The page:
Beefed-Up Rex Makes a Trim PIM

 
 
By Jason Brooks  |  Posted 2001-01-01 Email Print this article Print
 
 
 
 
 
 
 

Xircom handheld improved by touch-screen but limited by PCMCIA card.

With a touch-sensitive display, new Web clipping capabilities and four times the RAM of the device it replaces, Xircom Inc.s Rex 6000 MicroPDA represents a significant advance for the Rex product line and is a viable competitor in the low-end handheld device market.

However, although the Rex 6000s PCMCIA card form factor makes the device extremely portable, it limits the unit to basic PIM (personal information manager) functions. Users who demand Internet connectivity, multimedia features or peripheral expansion in a handheld computer should look elsewhere. In addition, the Rex 6000 is compatible only with Windows 2000 and Windows 98.

In any case, eWeek Labs found that, for basic PIM tasks, the small size (1.4 ounces and dimensions of 3.4 by 2.1 by 0.2 inches) and new touch-screen input options of the Rex 6000 made the device difficult to beat.

The Rex 6000, which shipped last month, sells for $149—quite a bit less than the $230 that its predecessor, the Rex Pro, cost. At this price, the new model can compete with Palm Inc.s m100 and Handspring Inc.s Visor Solo. All three devices have 2MB of RAM.

Xircom has boosted the Rex 6000s display resolution to 240 by 120 pixels, compared with the 160-by-90-pixel resolution of the Rex Pro. This improved display enables the Rex 6000 to render text much more clearly, making it dramatically easier to use.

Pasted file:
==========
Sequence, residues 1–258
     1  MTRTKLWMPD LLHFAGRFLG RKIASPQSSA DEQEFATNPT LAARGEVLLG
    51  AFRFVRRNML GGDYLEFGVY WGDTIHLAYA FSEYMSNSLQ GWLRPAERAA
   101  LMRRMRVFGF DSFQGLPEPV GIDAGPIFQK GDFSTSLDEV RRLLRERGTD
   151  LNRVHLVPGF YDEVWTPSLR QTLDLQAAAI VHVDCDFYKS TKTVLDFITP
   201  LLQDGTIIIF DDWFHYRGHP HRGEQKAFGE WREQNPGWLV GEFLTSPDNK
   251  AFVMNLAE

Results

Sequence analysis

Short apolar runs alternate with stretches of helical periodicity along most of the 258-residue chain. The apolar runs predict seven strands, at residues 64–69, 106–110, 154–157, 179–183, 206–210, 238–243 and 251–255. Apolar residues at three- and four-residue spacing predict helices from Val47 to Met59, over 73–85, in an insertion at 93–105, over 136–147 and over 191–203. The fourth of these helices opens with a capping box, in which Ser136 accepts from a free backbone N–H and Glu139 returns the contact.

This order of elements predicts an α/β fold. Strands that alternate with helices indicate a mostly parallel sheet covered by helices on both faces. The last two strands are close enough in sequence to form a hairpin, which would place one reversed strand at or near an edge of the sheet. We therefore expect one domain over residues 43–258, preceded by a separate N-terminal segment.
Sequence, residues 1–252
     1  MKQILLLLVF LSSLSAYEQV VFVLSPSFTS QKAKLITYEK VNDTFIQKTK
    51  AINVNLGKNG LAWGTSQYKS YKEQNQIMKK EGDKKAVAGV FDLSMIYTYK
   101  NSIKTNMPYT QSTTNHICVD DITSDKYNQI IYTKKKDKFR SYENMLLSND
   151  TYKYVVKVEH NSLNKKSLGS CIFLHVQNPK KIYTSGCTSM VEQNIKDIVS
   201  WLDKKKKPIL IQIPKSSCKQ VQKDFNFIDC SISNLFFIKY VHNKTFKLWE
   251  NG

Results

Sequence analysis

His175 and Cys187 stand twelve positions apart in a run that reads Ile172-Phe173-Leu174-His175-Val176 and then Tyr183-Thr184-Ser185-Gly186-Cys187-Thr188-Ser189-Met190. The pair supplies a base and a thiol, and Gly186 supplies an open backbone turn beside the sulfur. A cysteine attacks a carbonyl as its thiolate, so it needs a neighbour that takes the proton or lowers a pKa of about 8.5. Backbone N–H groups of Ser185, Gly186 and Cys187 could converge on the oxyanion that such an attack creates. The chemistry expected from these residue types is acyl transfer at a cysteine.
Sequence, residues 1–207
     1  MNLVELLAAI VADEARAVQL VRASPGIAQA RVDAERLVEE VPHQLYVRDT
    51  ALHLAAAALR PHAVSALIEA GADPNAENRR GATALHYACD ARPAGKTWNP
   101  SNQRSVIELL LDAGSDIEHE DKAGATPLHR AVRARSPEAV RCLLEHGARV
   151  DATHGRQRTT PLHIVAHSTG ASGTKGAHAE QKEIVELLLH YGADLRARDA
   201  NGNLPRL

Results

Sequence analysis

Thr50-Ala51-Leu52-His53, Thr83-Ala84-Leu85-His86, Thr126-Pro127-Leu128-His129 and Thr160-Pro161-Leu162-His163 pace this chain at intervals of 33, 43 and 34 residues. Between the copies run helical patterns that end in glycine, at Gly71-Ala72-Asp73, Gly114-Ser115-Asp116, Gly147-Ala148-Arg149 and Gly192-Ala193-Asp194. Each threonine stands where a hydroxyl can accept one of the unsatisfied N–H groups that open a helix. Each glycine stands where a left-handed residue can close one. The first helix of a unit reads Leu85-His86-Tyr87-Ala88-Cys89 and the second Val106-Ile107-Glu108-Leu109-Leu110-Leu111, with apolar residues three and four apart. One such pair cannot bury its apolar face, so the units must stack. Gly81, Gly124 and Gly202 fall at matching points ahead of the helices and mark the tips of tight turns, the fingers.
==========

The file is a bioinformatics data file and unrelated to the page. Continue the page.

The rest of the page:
The touch-sensitive display allowed Xircom to add an on-screen keyboard for text entry. The keyboard operates much like those found on Palm OS and Pocket PC devices.

Take Me to the Web

In addition to the PIM functions found in previous Rex models, the Rex 6000 includes a Web clipping application similar to AvantGo Inc.s mobile Internet application.

We could log on to www.rex.net and select an assortment of Web channels on topics youd expect—news, stock quotes, sports, horoscopes. But unlike AvantGos application, the rex.net Web clipping service does not let users create their own channels, making this feature less useful than it could be.

The rex.net site is also supposed to provide additional applications for the Rex 6000. At the time of our review, however, there were no additional applications available for download.

The Rex 6000 ships with a version of Pumatech Inc.s Intellisync software to manage installation and synchronization. Out of the box, the Rex 6000 can synchronize with Microsoft Corp.s Outlook 97, 98 and 2000 contact management software, as well as with an Intellisync mobile desktop product that ships with the device.

As with previous Rex handhelds, users are able to synchronize the device through a notebook PC Card slot or a cradle for desktop computers. New to the Rex 6000, however, is the option of a USB (Universal Serial Bus) cradle, which speeds synchronization times considerably compared with the serial port cradles of previous models. The USB cradle is sold separately for $50 or is available bundled with the Rex 6000 for $190.

The Rex 6000 is powered by two replaceable lithium-ion batteries, and Xircom claims that their life expectancy is six months.

Xircom, of Thousand Oaks, Calif., can be contacted at (805) 376-9300 or www.xircom.com.

 
 
 
 
As Editor in Chief of eWEEK Labs, Jason Brooks manages the Labs team and is responsible for eWEEK's print edition. Brooks joined eWEEK in 1999, and has covered wireless networking, office productivity suites, mobile devices, Windows, virtualization, and desktops and notebooks. Jason's coverage is currently focused on Linux and Unix operating systems, open-source software and licensing, cloud computing and Software as a Service. Follow Jason on Twitter at jasonbrooks, or reach him by email at jbrooks@eweek.com.
 
 
 
 
 
 
 

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